Heed this warning as you wrestle with data and strategies to incorporate it into your organization: dashboards are dangerous. This sounds counter intuitive to many. Dashboards evolved to sort through data for us. In fact, people create dashboards to present concise and clean summaries of amassed information. However, multiple studies indicate that dashboards in fact create blindness to large and critical trends.
Dashboards encourage a false sense of security because of their passive nature. This leads to reliance on people to view and interpret them. Attempts to mitigate this problem involve more prescriptive data views, presenting an “expected result” line or an “alarm” line. Some organizations may send a weekly summary or report to subscribers so they don’t forget to check the data. However, a subscriber must still view the information, ingest it, draw the appropriate conclusion and take the best action to influence the outcome. Viewers do sometimes open the report on the relevant week, connect the dots and take appropriate action based on dashboards and reports. However, studies prove organizations cannot rely on this approach, even if the org is lucky enough to have the subscriber open the report on the relevant week.
In 1999, Daniel Simons and Christopher Chabris ran the famous “Invisible Gorilla Test.” This test showed that people asked to focus on a task suffer from “inattentional blindness.” In the original experiment, Simons and Chabris asked people to count the number of basketball passes made within a small group. During the exercise, a person in a gorilla costume walks through the scene. In the Simons and Charbris study, they found that half the people missed the gorilla. Ask yourself if your dashboard can highlight an unexpected result more prominently than the gorilla in this video.
A subsequent study showed that people aware of the 1999 test and watching for the gorilla did better recognizing the gorilla. However, people watching for the gorilla did worse than test subjects unaware of the gorilla scenario at recognizing other unexpected events. In short, increased focus for a gorilla in the video made people less cognizant of other unexpected results. Put another way, if you look for one particular unexpected result, your blindness increases for other truly unexpected activity. (video)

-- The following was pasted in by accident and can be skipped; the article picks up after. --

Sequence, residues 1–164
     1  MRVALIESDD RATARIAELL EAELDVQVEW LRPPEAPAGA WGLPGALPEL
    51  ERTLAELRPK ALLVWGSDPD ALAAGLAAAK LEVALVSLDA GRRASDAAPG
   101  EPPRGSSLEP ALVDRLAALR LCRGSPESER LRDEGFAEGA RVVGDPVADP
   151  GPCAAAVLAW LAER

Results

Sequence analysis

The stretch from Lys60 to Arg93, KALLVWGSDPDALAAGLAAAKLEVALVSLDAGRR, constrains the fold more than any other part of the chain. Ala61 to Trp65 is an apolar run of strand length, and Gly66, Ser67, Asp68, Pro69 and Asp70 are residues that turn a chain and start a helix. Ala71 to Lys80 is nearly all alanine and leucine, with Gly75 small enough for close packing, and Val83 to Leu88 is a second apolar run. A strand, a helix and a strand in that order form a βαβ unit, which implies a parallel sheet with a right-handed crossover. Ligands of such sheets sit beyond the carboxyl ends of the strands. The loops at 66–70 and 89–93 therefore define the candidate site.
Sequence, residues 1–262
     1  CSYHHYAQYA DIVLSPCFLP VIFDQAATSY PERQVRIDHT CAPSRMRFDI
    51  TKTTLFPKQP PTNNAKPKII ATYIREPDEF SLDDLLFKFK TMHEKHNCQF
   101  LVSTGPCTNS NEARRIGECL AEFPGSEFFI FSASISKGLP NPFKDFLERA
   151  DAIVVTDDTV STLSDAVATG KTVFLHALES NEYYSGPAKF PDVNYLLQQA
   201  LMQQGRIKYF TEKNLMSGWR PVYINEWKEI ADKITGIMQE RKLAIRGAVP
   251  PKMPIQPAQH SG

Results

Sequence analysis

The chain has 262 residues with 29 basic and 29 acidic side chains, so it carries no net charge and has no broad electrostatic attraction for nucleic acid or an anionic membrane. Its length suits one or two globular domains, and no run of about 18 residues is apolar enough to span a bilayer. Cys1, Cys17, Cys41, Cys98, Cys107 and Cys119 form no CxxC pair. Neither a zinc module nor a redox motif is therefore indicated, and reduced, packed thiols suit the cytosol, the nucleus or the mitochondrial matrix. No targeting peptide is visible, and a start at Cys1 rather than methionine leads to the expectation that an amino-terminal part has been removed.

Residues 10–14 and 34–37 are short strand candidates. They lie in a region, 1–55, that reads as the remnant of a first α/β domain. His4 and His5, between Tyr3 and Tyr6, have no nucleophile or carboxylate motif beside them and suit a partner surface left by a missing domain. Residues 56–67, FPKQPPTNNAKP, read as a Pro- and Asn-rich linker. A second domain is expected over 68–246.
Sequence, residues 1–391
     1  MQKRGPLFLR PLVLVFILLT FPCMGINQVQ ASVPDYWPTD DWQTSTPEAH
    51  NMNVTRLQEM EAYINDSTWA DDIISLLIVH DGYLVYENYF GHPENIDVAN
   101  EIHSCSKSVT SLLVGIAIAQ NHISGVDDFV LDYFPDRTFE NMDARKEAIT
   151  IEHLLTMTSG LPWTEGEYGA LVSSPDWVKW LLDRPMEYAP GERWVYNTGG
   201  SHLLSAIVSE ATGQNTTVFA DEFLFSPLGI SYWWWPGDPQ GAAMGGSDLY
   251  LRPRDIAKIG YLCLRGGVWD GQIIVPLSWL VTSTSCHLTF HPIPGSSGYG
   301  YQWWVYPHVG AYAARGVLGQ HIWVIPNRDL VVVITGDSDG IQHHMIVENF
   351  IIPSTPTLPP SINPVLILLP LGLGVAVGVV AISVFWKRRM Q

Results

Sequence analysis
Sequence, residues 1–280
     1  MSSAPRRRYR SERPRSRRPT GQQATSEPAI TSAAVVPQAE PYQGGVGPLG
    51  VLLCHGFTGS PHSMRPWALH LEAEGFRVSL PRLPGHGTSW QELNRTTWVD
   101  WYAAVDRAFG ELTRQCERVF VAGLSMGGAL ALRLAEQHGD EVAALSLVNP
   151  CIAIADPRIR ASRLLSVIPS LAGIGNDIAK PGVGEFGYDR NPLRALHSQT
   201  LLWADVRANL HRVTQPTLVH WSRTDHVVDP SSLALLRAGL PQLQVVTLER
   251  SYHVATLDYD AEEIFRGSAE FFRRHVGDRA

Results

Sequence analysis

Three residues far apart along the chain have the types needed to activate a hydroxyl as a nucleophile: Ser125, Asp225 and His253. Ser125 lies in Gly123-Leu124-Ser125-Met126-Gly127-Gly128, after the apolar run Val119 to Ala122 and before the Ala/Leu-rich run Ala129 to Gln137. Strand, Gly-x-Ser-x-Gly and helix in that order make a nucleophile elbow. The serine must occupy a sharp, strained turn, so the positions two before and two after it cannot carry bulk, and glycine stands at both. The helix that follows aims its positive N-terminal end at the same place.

This phenomenon of “inattentional blindness” relates to the second flaw in dashboards and how people use them. In short, people looking and focused on particular patterns will miss glaring and potentially more significant issues. Dashboards clearly fit this pattern. They get designed to present certain trends and alert for certain issues, so people read them looking for those patterns. As a result, people create blind spots in their interpretation and miss valuable information.
You may believe you can mitigate this risk by having experts look at the data, but research indicates otherwise. Studies building on the invisible gorilla paradigm demonstrate that training and expertise do not mitigate the risk. Trafton Drew extended the work of Simons and Chabris and set up a study with radiologists and how they read x-rays. In this case, x-rays had an image of a gorilla placed into the image. 83% of the radiologists failed to spot the gorilla.
Dashboards certainly provide invaluable context to diagnose and understand a problem. However, the key takeaway from this post is that you should not expect dashboards to consistently alert you to unexpected but critical and glaring issues. Instead, rely on monitors and alerts to set your context, bring you to a dashboard and/or data, and then address the issue. In addition, don’t use dashboards as monitors but instead as something more akin to a Rorschach test. In a subsequent post, I’ll prescribe monitor/alert methodologies, best practices for interpreting the data, and look at research showing the benefits of unfocused data interpretation.